The International Energy Agency (IEA) has published its World Energy Outlook for the year 2020.  With the especially unique environment of the COVID-19 pandemic, this year’s outlook focuses on models that predict the pandemic’s potential implications over the next ten years.  This, along with the prospects for accelerated energy transitions, make up the two major themes of the report.

Looking at the statistical data behind the world energy usage, the total global energy demand will drop by five percent in 2020, and drilling down into specific categories reveals that carbon dioxide emissions will fall by 7 percent, that energy investments will fall by 18 percent, that oil demand will decrease by eight percent, and that coal use will drop by seven percent.  Furthermore, natural gas demand is expected to experience a reduction of three percent, and global electricity demand is set to dip by two percent.  These numbers show that although sustainability efforts are improving, continuous work and focus needs to be maintained in the energy industry in order to make meaningful changes to global energy habits.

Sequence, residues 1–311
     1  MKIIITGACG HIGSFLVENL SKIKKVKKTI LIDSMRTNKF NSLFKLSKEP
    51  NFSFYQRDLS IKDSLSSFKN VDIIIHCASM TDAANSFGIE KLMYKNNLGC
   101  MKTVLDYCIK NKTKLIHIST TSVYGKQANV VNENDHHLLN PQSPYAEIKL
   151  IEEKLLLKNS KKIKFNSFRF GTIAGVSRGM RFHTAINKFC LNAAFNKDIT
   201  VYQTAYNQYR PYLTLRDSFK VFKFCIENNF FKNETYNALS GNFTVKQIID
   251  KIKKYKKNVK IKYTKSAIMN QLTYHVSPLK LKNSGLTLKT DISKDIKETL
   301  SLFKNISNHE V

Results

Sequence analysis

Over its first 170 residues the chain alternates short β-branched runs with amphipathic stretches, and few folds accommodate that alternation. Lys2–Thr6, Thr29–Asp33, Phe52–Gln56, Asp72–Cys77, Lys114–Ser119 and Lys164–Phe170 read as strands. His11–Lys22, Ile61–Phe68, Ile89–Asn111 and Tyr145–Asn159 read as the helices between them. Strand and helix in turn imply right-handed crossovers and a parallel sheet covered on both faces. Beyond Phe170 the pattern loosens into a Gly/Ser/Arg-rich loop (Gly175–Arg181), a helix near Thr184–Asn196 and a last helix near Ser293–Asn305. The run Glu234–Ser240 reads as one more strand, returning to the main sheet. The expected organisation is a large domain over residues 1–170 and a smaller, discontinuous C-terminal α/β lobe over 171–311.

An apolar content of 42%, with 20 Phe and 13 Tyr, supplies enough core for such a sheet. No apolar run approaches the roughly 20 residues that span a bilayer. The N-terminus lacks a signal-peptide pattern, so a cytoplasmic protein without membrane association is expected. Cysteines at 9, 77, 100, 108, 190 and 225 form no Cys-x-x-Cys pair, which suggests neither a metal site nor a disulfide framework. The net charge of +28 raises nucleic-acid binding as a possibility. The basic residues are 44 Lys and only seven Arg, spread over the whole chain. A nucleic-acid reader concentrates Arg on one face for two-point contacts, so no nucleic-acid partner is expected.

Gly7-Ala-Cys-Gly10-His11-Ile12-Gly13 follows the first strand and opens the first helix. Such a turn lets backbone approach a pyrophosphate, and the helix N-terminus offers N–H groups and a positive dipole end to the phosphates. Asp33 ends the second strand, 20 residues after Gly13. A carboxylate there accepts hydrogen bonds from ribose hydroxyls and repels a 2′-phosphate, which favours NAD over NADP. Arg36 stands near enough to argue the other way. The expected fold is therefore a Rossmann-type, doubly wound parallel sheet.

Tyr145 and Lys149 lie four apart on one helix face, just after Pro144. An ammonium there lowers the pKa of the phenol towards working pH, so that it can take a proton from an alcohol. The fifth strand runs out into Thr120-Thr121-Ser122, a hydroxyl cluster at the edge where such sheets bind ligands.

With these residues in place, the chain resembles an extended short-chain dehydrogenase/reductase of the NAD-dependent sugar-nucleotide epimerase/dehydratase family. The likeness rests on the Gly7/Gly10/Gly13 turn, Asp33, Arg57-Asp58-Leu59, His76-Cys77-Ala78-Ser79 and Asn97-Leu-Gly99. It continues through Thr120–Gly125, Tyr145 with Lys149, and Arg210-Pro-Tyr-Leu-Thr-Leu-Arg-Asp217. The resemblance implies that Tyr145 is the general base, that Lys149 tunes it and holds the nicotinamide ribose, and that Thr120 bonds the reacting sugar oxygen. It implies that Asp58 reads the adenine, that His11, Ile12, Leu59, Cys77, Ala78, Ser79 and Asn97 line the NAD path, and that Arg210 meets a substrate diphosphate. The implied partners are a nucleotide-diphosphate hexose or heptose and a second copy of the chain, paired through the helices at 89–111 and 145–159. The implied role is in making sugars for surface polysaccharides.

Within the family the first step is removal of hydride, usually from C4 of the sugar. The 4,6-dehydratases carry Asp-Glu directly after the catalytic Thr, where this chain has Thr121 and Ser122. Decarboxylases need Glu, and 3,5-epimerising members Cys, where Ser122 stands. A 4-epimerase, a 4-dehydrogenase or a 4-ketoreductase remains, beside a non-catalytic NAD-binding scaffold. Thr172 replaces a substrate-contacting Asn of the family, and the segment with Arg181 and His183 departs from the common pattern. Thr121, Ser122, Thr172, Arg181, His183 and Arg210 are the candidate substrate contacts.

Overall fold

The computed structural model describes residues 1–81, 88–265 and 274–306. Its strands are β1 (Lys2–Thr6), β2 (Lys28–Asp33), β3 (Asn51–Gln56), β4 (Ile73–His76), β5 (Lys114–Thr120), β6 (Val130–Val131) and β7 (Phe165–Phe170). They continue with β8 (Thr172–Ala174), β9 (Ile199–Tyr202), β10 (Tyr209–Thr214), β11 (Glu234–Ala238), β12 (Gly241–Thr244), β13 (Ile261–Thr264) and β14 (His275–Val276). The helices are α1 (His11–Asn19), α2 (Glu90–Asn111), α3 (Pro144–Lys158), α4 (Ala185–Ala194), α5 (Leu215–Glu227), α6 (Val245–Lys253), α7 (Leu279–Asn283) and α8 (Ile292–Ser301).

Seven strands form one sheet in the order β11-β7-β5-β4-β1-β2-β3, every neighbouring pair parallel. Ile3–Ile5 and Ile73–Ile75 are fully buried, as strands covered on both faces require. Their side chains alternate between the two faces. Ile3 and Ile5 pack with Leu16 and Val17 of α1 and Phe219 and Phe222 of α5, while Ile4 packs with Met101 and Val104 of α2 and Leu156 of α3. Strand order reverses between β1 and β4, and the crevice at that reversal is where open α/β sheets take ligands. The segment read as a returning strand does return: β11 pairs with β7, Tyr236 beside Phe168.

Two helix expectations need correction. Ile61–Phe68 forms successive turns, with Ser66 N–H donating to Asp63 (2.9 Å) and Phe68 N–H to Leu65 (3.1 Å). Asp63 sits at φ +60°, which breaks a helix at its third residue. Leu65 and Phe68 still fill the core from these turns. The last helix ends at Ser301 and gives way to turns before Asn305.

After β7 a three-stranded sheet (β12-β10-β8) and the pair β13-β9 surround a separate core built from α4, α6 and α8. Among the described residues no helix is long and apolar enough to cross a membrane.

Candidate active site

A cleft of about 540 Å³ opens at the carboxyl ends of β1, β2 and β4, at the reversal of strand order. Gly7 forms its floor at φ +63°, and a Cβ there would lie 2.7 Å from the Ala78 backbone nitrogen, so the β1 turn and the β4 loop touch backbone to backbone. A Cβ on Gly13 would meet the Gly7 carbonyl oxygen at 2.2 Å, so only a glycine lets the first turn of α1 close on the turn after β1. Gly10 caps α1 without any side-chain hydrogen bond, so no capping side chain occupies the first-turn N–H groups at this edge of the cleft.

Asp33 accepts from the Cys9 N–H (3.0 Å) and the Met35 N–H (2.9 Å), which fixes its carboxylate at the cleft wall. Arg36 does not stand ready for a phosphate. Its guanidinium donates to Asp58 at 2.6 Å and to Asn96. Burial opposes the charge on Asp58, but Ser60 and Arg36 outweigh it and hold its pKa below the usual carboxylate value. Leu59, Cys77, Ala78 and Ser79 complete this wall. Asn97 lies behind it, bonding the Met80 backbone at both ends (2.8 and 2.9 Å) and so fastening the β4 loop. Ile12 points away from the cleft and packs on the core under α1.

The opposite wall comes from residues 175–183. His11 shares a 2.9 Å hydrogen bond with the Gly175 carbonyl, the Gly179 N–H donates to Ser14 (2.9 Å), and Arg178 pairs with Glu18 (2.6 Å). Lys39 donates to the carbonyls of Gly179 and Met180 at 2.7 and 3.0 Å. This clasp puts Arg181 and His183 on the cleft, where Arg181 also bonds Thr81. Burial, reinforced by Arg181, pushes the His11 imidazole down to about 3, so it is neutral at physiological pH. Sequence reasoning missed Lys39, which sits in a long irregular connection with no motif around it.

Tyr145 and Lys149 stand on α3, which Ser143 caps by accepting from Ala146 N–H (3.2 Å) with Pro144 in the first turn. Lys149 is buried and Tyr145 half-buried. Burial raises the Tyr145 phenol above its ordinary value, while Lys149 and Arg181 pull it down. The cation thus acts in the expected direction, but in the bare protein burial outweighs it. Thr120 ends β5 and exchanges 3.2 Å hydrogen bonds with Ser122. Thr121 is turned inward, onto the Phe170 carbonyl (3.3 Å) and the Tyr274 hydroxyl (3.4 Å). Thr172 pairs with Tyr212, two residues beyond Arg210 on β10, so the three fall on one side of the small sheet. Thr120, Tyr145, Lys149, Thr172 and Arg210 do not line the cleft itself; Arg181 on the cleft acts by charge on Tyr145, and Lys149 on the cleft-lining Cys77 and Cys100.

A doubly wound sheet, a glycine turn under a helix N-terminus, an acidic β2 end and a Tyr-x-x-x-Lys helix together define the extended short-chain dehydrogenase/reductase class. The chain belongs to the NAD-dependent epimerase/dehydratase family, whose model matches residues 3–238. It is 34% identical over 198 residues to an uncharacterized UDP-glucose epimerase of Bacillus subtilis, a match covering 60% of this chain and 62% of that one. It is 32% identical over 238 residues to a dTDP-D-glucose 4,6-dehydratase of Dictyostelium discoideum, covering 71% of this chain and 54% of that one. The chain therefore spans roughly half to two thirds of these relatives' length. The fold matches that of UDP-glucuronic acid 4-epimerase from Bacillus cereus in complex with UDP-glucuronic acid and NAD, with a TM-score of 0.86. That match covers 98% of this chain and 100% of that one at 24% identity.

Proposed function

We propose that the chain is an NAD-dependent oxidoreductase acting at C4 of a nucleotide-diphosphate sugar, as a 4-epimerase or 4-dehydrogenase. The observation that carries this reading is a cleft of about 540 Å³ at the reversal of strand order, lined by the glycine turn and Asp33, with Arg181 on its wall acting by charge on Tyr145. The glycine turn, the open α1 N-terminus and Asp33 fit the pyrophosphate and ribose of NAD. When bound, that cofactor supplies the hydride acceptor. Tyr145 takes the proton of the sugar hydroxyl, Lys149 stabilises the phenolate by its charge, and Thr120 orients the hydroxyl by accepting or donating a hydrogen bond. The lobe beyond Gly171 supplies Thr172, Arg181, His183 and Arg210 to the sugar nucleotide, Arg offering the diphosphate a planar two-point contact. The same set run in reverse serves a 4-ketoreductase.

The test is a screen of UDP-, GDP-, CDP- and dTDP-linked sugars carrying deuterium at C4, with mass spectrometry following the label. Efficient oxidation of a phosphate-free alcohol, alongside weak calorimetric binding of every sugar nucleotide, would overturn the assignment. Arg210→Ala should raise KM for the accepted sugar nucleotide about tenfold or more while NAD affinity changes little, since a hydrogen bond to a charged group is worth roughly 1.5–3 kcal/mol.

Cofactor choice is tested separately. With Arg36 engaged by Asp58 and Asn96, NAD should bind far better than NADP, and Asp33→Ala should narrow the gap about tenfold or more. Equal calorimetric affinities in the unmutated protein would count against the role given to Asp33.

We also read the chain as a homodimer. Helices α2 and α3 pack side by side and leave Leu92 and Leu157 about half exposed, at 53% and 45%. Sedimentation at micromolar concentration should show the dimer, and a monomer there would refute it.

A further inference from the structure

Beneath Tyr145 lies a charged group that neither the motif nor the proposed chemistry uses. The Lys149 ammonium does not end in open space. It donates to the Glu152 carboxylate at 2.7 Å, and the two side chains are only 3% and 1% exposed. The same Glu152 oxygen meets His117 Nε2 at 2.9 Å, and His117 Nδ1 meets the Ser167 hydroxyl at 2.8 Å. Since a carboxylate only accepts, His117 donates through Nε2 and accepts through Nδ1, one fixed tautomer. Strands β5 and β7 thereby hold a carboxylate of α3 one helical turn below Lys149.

One such effort is the Net Zero Emissions by 2050 modeling prepared by the IEA, which is a case that examines what would need to be implemented in order to achieve a net-zero emission of carbon dioxide in 30 years.  The model shows that in order to achieve this figure, global carbon dioxide emissions would need to be decreased by 45 percent by 2030—an extremely ambitious goal that would require wide-scale reform and policy change.  The United States, China, and India would be key players in meeting this goal as each would need to decrease their usage significantly.  They are also not part of the 28 countries that already have announced plans to meet Net Zero Emissions, including Canada, South Africa, Germany, and the United Kingdom.

Ultimately, the coronavirus pandemic will have a negative impact on sustainability efforts, but it is projected to be meager at about a five percent shrinkage of the global economy.  However, the longer the recovery period, the larger the setback to reducing energy usage and emissions.  The aviation, power, and shipping industries will be key areas to realizing sustainability goals, and countries must be able to implement policy changes in the near future to spark action.

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